Jun 05, 2017
From KPMG TaxWatch
The Ohio Board of Tax Appeals recently struck down an argument that certain promotional items purchased by a professional baseball team were resold to patrons. The baseball team, the Cincinnati Reds, purchased items, such as bobbleheads, player cards, and other team-themed gear that were given to patrons for free on certain game days. It was undisputed that the purpose for offering the items was to increase ticket sales and overall interest in certain games. On audit, the baseball team was assessed use tax on the cost of the items. The team protested, arguing that it “resold” the promotional items to attendees along with the purchase of an admission ticket. In support of this position, the team stated that it factored the cost of the items into the ticket prices, which are determined prior to the start of the season as part of the team’s budgeting processes.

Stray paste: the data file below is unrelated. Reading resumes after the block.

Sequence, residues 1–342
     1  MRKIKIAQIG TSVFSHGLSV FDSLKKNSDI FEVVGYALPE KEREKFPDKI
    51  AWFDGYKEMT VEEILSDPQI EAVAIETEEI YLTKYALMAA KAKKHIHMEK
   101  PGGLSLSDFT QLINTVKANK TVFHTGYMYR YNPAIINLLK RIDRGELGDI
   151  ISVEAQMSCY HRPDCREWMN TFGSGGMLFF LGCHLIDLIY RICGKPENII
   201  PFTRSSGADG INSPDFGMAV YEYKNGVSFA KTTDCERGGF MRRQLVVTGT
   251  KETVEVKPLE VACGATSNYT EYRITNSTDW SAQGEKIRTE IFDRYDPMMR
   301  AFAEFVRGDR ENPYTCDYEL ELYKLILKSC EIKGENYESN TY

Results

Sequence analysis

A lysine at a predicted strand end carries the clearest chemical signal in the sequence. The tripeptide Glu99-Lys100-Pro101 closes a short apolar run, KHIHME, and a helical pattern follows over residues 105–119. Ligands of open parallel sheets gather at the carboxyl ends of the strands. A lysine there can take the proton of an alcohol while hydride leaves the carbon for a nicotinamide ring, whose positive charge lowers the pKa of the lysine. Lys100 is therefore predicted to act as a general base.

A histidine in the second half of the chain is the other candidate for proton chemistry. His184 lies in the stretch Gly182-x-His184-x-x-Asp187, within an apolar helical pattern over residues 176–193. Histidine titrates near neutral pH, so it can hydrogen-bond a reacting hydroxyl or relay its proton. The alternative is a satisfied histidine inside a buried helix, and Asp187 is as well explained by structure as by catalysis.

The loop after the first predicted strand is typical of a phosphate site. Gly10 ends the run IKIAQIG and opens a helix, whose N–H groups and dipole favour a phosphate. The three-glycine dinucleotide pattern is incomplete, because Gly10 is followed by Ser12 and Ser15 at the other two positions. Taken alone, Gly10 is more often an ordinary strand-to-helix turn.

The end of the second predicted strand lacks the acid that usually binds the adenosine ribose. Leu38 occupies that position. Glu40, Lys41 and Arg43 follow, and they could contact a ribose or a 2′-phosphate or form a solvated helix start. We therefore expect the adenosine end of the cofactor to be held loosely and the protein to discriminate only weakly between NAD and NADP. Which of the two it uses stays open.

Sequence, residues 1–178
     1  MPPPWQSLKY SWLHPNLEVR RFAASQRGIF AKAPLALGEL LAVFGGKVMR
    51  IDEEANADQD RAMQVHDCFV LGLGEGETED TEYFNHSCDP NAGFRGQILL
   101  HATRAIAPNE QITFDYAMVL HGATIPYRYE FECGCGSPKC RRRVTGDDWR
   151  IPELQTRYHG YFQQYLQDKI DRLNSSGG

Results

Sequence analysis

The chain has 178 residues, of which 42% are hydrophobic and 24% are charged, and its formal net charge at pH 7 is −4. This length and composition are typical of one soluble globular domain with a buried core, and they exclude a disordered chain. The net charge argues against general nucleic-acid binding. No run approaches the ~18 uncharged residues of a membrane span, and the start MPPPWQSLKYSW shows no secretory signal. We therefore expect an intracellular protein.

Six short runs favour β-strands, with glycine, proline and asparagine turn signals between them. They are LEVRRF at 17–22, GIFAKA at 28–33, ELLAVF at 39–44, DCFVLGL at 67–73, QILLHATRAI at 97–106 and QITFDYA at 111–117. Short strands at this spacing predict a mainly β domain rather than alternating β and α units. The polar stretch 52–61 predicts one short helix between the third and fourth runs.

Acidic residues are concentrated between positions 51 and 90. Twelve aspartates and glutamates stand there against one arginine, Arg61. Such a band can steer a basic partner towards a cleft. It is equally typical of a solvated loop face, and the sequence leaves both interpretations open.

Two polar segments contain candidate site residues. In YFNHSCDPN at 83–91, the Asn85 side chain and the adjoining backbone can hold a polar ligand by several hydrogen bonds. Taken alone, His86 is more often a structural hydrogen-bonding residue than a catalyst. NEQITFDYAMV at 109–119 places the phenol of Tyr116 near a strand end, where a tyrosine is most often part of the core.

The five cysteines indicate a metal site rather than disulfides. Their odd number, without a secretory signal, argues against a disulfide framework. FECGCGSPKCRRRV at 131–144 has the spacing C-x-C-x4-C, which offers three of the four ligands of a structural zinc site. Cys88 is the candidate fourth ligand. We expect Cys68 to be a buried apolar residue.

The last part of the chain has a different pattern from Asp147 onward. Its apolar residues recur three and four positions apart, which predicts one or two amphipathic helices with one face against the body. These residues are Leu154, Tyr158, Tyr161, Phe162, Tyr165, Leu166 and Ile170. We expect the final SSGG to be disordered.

The Board did not find the taxpayer’s argument to be a home run and declined to dismiss the assessment. In the Board’s view, the promotional items were simply not resold along with the cost of a ticket. The Board noted that the ticket price for each particular seat was the same throughout an entire season, regardless of whether a promotional item was offered at the game. Moreover, there was no guarantee that a patron would receive a promotional item, as there were limited quantities that were distributed as long as supplies lasted. Finally, the team’s advertising indicated that patrons were not being charged a separate amount for the item but that they were “free” or a “giveaway.” Therefore, the Board upheld a use tax assessment on the promotional items. It remains to be seen whether the Reds will appeal or try for another shot at-bat. For more information on Cincinnati Reds, LLC v. Testa, please contact Dave Perry at 513-763-2402.
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The following information is not intended to be "written advice concerning one or more federal tax matters" subject to the requirements of section 10.37(a)(2) of Treasury Department Circular 230.
The information contained herein is of a general nature and based on authorities that are subject to change. Applicability of the information to specific situations should be determined through consultation with your tax adviser.